I've been bluntly told a little while ago that my assistance is required with decorating the house before I leave to go for a visit to Canada. This was after some more gentle nudging and hinting (e.g. "I wish this would look more like a home..." >big sigh<) a couple months ago. Normally I would scoff at this but without gainful employment and not much else to do, I agree that this would be something constructive for me to work on. The hubster wants pictures up on the walls, which would be great, I agree. But the thing is, it's not like there's a ton of photo developers here. I've seen one Kodak studio in Kingdom Mall and that's it - I suppose I'll go investigate. Taking photographs of Saudis is taboo for religious reasons so my guess is that there's not a lot of demand for these services, which is a shame for someone like me that always comes home with hundreds of pics from vacations. I confess I still get a little confused by the whole photograph issue for the locals. Most photographs I know of are not being used in shrines with incense and candles, except for the one of me taken immediately after winning the World Pie Eating Contest - so what's the big deal? The lack of photo developers seems to be made up with printing services at malls that put photos on mugs and t-shirts. The samples are all of people, mostly kids, on these really tasteless coasters and the like. I also just saw an advertisement for a Saudi movie, starring what appear to be Saudis on the television, which added to the confusion of what's taboo and what's not. I'm assuming it's based on how conservative you are, and that these movie makers must be running wild like heathens with their cameras.

ok I really can't resist writing about the pie eating contest. It's held annually in a bar in Wigan, England and has recently been plagued with problems. In 2006, bowing to health lobbies and "relentless pressure from the Vegetarian Society" (those vicious vegetarians!!!) the rules were changed to concentrate on speed alone, i.e. how long it takes you to eat just one pie, rather than a volume based challenge. Plus, they added a vegetarian pie, which added insult to injury and pissed a lot of pie people off. In 2007, a dog ate all the pies, and in 2008 a junior pastry chef made all the pies using inches instead of centimetres and ended up with "giant" pies.

Can't wait to find out what calamity will befall the contest this year.

Tuesday, March 24, 2009

Saudi taxi driver 'learns' a lesson

We have just returned from a vacation abroad and I have to share with you a saudi story about our travels. On our first attempt to leave the country we realized at customs that we were missing our saudi visas and we had to retrieve them quickly. We normally would have called a driver but couldn't afford to wait for one to arrive so we decided to take a taxi from the airport to our destination 10 minutes away. A saudi taxi driver approached us first out of a whole mob of drivers and led us to his car where he started putting our bags in the trunk. Before opening the car door I insisted on coming to a price, though he kept trying to get us into the taxi. He finally quietly quoted an exorbitant 80 riyals, to which I offered a more reasonable (and still overpriced) 50 riyals because we were in a rush. Unbelievably, he said no to this with about 30 other drivers watching the whole thing and ready for business. So we removed the bags and just went to the next car, much to his dismay. Upon returning to the same airport about 2 weeks later on our way home, the same taxi driver was hawking his services to us again. Comically, he remembered us and kept repeating "ok ok 50 riyals, 50 riyals" to us, but our driver was already on his way so we had to decline. I'd like to say we taught him a little lesson in free markets and dealing with foreigners, but I'm really not so naive...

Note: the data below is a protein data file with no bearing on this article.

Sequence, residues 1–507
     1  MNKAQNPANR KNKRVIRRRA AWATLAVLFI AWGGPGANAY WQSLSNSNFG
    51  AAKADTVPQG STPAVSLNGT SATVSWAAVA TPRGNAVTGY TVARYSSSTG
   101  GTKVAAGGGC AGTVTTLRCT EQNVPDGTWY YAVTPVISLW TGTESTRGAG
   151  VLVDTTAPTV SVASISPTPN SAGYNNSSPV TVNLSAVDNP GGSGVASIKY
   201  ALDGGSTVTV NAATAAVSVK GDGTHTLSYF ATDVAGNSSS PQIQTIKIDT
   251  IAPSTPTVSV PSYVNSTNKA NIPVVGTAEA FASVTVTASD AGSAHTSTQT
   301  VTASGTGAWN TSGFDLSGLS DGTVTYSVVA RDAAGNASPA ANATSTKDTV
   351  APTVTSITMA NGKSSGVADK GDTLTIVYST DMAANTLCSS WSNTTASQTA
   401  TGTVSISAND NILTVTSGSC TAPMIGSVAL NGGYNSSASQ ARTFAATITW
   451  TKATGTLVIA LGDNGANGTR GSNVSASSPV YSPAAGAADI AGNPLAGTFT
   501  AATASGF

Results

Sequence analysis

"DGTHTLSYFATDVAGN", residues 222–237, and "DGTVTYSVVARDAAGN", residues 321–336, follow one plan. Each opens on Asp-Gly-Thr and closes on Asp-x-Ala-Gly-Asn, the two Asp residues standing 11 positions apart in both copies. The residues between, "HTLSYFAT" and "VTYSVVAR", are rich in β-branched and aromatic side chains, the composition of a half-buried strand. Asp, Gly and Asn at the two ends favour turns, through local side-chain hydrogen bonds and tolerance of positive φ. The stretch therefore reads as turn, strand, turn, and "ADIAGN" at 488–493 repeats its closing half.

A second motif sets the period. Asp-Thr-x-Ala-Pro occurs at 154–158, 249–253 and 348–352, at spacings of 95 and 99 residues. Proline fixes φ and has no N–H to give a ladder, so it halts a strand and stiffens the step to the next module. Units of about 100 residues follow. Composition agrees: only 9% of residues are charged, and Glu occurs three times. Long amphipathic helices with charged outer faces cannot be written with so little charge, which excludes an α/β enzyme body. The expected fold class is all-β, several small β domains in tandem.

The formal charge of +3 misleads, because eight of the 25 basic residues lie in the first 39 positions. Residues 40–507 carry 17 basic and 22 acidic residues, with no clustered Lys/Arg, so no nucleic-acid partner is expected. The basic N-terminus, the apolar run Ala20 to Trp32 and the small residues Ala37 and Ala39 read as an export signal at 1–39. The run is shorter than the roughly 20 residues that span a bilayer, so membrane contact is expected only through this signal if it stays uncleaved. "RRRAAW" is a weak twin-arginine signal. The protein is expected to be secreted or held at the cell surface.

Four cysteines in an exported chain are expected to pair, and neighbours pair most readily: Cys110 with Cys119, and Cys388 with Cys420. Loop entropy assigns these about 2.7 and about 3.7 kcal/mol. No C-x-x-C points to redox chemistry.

Monday, March 23, 2009

What do you eat?

I get asked this question more than you might think because it usually comes from an acquaintance just after an initial shock of being told that I have been whiling my days away in Saudi Arabia. We eat a lot of home cooking, meals at the compound restaurant, and other restaurants in the city. General strong suits are Indian and Lebanese. I have never tried Arabian food because my husband described it to me and it sounds unappetizing. The one time I tried to arrange for it and get directions by phone I ended up throwing a book at the wall. Believe me, if I get there, I'll tell you about it. There's a terrible proliferation of fast food here and many locals and expats end up eating a lot of french fries - it's really disgusting and I feel greasy just typing this. The standard of east asian food is not at the quality level and value that you get in Toronto. So for all you readers out in Toronto I want you to know that you are 100% spoiled rotten! One positive about grocery shopping here is that since I am doing my duties while my hubby is at work, no one is around to gripe about how long I'm taking to pick vegetables or to ask where the soy milk is even though I am clearly not staff. Downsides? Difficult to find certain spices and flavourings (e.g. montreal steak spice, tamarind juice, wasabi) and my favourite soft drink: I really miss Canada Dry Ginger Ale. Please drink that and think of me.